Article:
Alchemical concoctions had allowed Malicia to resist the call of sleep beyond what even her Name would allow, though she knew there would eventually be a price to pay for that. It was still necessary, for rare was the hour that must not be spent dragging her wayward realm back from the suicide it was so utterly intent on committing. It was grim, thankless work, moreso now than ever before: two blows had come in quick succession, and as a result her authority was thinning. Thalassina had, to her still raw grief, been the first. The woman named Alaya had wept over the loss of her old friend, when she’d heard the news. Wekesa had been dear to her in a way that very few people had ever matched or surpassed – only one, if she was to be honest with herself – and to lose him over what should have been such a simple matter… But while the Dread Empress of Praes could afford most luxuries known to Creation, time to mourn was not one of them. Not when Warlock’s last blaze of vengeful glory had wiped out a city of nearly one hundred and fifty thousand people, along with her realm’s largest and most prosperous sea port.
There were survivors, a meager thirty thousand or so. Whatever Wekesa had used affected them, for within a day of fleeing the city ruins they’d begun to wildly mutate. Eyes and cysts growing over skin, teeth turning to stone, even a case of hair turning into straw. Malicia ordered a quarantine for the refugees, uncertain if the affliction would spread, but it turned out pointless. Every last one of them was dead within a week, seemingly cooked from the inside by the fading remnants of Wekesa’s sorcery left inside them.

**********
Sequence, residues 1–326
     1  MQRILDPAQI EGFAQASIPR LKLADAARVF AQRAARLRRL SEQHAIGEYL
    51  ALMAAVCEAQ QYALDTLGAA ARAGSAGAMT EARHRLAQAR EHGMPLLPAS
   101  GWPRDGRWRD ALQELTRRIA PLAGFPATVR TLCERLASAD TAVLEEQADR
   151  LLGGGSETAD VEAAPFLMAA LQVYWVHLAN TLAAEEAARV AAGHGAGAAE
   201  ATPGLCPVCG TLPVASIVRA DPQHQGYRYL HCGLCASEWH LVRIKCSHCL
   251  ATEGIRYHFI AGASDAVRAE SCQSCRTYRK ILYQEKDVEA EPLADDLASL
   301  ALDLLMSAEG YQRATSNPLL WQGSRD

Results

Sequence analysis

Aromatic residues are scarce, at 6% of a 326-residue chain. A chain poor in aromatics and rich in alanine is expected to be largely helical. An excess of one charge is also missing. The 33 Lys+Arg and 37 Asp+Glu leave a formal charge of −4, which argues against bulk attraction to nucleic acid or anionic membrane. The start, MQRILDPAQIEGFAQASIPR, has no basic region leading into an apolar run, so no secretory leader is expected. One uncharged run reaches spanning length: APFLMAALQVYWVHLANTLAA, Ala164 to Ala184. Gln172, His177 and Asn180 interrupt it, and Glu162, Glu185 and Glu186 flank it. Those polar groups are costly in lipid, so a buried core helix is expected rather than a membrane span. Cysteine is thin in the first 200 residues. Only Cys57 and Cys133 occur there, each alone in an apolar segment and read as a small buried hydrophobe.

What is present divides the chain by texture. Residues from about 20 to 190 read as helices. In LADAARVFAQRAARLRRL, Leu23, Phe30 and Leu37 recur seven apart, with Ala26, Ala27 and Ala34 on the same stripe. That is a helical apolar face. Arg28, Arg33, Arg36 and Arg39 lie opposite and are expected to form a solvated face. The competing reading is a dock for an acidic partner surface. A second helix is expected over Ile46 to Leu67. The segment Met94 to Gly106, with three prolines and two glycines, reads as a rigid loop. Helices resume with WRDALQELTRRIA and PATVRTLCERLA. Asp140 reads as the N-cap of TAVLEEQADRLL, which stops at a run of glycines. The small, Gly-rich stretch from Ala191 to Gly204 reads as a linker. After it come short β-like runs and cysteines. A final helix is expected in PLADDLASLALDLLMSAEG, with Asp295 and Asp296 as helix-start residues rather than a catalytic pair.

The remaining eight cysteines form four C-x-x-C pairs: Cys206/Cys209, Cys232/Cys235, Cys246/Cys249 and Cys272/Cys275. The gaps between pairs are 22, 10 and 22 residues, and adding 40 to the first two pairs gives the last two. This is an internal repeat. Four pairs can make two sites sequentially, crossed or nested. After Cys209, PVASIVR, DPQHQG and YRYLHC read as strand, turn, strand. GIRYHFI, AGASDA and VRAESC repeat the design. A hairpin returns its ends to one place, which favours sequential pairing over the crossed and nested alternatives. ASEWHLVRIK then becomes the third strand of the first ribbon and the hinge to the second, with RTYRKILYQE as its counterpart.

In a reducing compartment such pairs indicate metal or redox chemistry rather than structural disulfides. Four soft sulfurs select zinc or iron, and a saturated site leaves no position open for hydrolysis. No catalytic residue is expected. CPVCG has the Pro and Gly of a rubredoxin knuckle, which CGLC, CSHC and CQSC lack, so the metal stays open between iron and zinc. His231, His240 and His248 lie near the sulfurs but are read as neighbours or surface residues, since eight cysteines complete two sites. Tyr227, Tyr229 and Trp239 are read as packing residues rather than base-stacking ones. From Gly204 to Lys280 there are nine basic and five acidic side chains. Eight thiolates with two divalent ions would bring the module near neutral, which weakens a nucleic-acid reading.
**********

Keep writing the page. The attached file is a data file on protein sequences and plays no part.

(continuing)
As far as her agents had been able to determine, there had been only a single survivor to that catastrophe: the Hierophant. Young Masego had been observed to walk out of the wreckage in ash-covered robes, and her attempts to contact the boy had not gone well. The first messengers she’d sent on foot, and once they came within a hundred yards of him their heads had simply caved in. She’d ordered scrying rituals, after that. Of the ten mages she’d used, only one had survived the backlash. Healers managed to stop the screaming before the vocal chords gave, though there would be no salvaging the eyes that had rotten and fallen out from their sockets. That survivor had babbled about a ‘sea of death’, not coherent enough for a more comprehensive report, and bitten through her tongue before the night was out. Necromancy had revealed the dead woman’s soul to be even more damaged than the corpse, which worried Malicia a great deal. Even Warlock at his peak had resorted to rituals and specialized tools to tinker with souls. His son evidently need not, and was shambling his way back to Callow through unknown means: he would frequently disappear for a few days at a time before her agents caught sight of him again, moving too quickly for it to be purely on foot.